Whole House Project

4 copyI’d like to give you a little background about the clients.  They are a married couple in their early 40s, with no pets and no kids.  They both work outside the home.  They chose to build a house they could easily afford (1800 square feet!), so they’d have money left over to travel, do the landscaping (the wife is an avid gardener), and hire a designer (me!) to complete the interior.


This project took shape over 4 years.  It represents most of the different ways a client can use an Interior Designer.

Let me start with the Living Room and Kitchen.  They are open to each other, and the only thing that visually separates the spaces from each other is the flooring.  There is ceramic tile in the Kitchen side, and hardwood on the Living Room side.  (The clients wisely used the same ceramic tile from the Kitchen floor as the surround for the fireplace.)  We used all of the existing furniture, except for the table and chairs in the Kitchen, which we replaced.  All of the fabrics and other materials I used had to coordinate with the upholstery on the sofa cushions, which you see here.2

Prior to our working together, the clients purchased window coverings (Hunter Douglas Silhouettes) that provided privacy and light control.  13 copyWhat they needed from me was a decorative fabric treatment to add color and texture, and soften the look of the windows.  In addition, I selected a paint color that had to work in the Living Room AND the Kitchen, since both spaces share a wall.





The electric piano was moved 9to the opposite wall, and we added a handmade mirror above it.  The mirror’s frame is made from recycled metal containers, and the colors work beautifully in the space.




10We also added a more striking piece of artwork over the fireplace.  The photo is one that was taken by the client’s sister, who is also an avid gardener.  We had it blown up and beautifully framed.







In the area left open by the movement of the piano, 14we added a Breakfront/Hutch that matches the new Kitchen table and chairs.  This house has no Dining Room, so the Kitchen is the only place to entertain guests with a meal.  Since there was no wall space in the Kitchen, we put the Breakfront/Hutch in the Living Room.


White chair

In addition to the sofa and a matching chair and ottoman, there is an accent chair that needed a new seat cushion.  I used the same fabric for it that I used for the Kitchen chair seats, further connecting the spaces to each other.

Black Chair No Table


Since the Kitchen cabinets and countertops 16 copywere in fine shape we left them alone.  What we did in that space was add a tile backsplash, the soft window treatments, and the new paint color.  As I mentioned before, we replaced the table and chairs, as well.






21There is a small TV room right off the foyer.  Again, the clients already owned the furniture in that room and were not interested in replacing it.  My challenge was to select fabric for the window treatment and then a paint color that would connect this space to the rest of the first floor.  The clients already owned recliner chairs covered in a dark blue fabric.  Their TV cabinet and another display case in that room are stained the dark red color we often identify as cherry wood.  The fabrics I selected for the window treatment coordinate beautifully with the red and blue already in the room, and also add a gold color which gave us the paint color for the room AND one wall in the foyer that is two stories in height.  This gold color coordinates with the color palette in the Kitchen and Living Room, even though the dark blue of the recliner chairs did not.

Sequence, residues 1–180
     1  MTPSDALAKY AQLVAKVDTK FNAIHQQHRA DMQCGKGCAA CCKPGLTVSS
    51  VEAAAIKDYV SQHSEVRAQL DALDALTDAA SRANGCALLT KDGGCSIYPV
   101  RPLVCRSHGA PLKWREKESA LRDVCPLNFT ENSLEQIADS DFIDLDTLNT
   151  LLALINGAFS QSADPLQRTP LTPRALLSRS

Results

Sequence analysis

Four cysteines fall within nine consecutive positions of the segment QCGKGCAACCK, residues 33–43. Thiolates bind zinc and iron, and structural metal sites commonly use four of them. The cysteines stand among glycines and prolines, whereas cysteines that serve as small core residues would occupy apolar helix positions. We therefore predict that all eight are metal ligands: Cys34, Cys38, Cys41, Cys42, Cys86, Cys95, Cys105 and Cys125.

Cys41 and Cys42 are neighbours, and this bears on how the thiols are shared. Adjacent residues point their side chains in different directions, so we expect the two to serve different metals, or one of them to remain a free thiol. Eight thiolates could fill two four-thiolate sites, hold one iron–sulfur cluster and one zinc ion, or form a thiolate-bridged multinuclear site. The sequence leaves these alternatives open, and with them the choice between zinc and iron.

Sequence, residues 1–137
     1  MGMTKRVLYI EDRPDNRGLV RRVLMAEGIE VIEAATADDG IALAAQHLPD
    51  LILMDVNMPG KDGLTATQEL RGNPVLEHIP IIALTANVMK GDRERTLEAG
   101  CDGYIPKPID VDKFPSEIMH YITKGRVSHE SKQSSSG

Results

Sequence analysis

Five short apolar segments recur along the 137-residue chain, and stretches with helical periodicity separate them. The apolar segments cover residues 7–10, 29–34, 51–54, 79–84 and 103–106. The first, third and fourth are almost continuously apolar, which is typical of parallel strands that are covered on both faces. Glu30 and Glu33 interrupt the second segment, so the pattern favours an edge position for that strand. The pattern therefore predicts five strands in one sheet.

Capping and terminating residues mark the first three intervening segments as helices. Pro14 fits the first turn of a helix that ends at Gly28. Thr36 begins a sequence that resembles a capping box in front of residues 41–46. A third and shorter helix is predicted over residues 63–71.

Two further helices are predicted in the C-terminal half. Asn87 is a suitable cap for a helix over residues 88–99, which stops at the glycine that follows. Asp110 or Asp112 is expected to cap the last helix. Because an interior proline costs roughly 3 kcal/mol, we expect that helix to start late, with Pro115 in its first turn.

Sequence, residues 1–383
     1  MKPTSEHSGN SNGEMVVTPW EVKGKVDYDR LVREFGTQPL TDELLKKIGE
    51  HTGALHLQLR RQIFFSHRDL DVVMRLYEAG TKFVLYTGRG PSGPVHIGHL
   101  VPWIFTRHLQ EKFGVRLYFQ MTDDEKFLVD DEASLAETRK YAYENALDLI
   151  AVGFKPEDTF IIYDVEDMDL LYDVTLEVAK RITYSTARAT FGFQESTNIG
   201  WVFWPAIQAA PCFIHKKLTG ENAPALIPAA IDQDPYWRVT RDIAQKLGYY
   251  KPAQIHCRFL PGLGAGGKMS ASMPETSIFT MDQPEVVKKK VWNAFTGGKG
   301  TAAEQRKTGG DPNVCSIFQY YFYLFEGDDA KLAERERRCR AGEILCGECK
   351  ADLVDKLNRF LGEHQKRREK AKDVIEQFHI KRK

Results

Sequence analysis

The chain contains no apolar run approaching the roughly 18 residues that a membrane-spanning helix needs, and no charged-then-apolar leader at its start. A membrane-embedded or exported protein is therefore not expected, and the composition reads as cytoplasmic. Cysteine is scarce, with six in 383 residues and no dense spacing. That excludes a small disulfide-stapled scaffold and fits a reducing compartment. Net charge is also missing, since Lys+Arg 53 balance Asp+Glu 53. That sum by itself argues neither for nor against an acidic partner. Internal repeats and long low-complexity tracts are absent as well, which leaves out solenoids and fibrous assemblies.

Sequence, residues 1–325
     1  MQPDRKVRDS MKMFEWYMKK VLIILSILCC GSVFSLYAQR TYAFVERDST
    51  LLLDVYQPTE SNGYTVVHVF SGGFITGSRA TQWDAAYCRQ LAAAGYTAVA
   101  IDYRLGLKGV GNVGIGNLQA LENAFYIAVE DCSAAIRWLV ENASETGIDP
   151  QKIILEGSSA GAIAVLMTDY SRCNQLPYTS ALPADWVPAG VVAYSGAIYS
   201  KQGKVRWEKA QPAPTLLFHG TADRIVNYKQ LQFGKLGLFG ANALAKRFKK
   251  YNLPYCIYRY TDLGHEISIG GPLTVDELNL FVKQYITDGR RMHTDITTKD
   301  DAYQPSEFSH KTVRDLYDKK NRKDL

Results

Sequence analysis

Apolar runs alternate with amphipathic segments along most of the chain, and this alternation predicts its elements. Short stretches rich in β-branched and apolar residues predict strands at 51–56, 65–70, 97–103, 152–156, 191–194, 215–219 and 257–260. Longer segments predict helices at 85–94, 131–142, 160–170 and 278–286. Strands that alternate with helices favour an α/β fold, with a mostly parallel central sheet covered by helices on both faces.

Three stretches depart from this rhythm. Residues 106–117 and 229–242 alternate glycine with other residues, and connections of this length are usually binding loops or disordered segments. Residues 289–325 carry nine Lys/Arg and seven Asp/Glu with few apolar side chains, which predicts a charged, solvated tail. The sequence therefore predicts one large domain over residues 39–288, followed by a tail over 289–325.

All the carpeting in this house is an off-white color.  Since the clients liked how light and bright the foyer and the upstairs hall felt with a light color on the walls, we painted that space to match the carpet color.  It’s not the “builder beige” that came with the house, but is clean and fresh and coordinates better with the carpeting.



Now to the Master Bedroom, upstairs.  23 copyIn this space, the clients wanted everything to be new.  The only color limitations were created by the dark green tile they selected for the Master Bath floor when the house was being built.  I selected an array of fabrics that coordinated beautifully with each other, and did not clash with the Master Bathroom tile.

The clients favored the multi-colored grid style fabric, but it was somewhat expensive.  It often takes 12 yards or more of fabric for two sides of a king sized bedcover, and since that grid fabric was almost $100/yard, the bedcover would have been extraordinarily pricey.  To make the cover more affordable, we used the grid fabric as a panel, set into a cover made from a coordinating chenille fabric that was significantly less expensive.  We saved the grid fabric for accents (the gussets in the bedcover and in the soft cornices, as well as the panels in the headboard), and used the chenille for the larger portions.

The linen floral drapery panels were originally meant to be stationary.  However, the client pulled them shut as an experiment, and liked the level of darkness that was achieved.  I had the panels remade and had the hardware changed to make the panels operable.